A wind farm is a group of wind turbines that work together to generate electricity.  They gather the wind’s energy into electricity which can either be stored or distributed to the connected grid.

The location of a wind farm is a very important factor that will determine the final output performance. Some wind farms are placed near water bodies, such as coastal sea areas or even river areas to capitalize on the stronger winds available. Regardless of the location, wind farms tend to be distributed over large spaces of up to hundreds of kilometers where the land in between can be used for other things such as farming.

How does Wind Farm Practically Work?

Wind farms simply operate by using wind energy to generate electricity.  Wind drives a turbine’s rotor blades around a rotor, drives a generator, which produces electrical energy.

Wind turbine don’t need to have a powerful wind i.e. most turbine blades begin turning at a wind velocity of 3-5 m / sec, which is a very slight breeze.  A shaft in the nacelle — the box-like frame at the head of a wind turbine – is turned by this rotating action.  The kinetic energy of the turning shaft is subsequently converted into electrical energy by a generator installed into the nacelle.  The voltage of the electricity generated is then increased by a transformer before being delivered to grid to limit the amount of energy loss.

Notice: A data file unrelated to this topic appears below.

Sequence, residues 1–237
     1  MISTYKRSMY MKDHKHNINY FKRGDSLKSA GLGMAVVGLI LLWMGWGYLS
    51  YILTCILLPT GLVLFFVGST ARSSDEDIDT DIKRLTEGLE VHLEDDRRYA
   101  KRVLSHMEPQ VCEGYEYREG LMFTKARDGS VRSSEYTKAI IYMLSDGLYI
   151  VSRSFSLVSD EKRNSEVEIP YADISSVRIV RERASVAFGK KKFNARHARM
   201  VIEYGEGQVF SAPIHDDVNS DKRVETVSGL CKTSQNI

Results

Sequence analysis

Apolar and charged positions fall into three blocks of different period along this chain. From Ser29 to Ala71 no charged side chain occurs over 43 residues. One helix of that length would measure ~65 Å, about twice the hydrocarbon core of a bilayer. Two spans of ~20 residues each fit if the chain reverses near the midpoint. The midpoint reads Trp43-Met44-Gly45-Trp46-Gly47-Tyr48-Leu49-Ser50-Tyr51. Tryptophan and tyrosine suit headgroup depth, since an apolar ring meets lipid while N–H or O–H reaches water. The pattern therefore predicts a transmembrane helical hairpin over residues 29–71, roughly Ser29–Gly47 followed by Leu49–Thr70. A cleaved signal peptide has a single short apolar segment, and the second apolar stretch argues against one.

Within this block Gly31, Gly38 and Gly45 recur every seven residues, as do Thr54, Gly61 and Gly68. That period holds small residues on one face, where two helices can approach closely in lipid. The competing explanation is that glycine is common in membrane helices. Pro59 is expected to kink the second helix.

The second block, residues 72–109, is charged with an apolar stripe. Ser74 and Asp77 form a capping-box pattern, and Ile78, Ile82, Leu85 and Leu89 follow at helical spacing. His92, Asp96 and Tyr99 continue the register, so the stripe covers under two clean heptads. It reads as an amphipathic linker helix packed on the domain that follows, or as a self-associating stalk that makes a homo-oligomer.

How Energy Efficient are Wind Farms?

Wind power is a sustainable clean energy source because it blows throughout the year.  The optimum efficiency of a windmill is about 59 percent which means that the majority of turbines collect 50% of the power of the wind passing through the rotor area.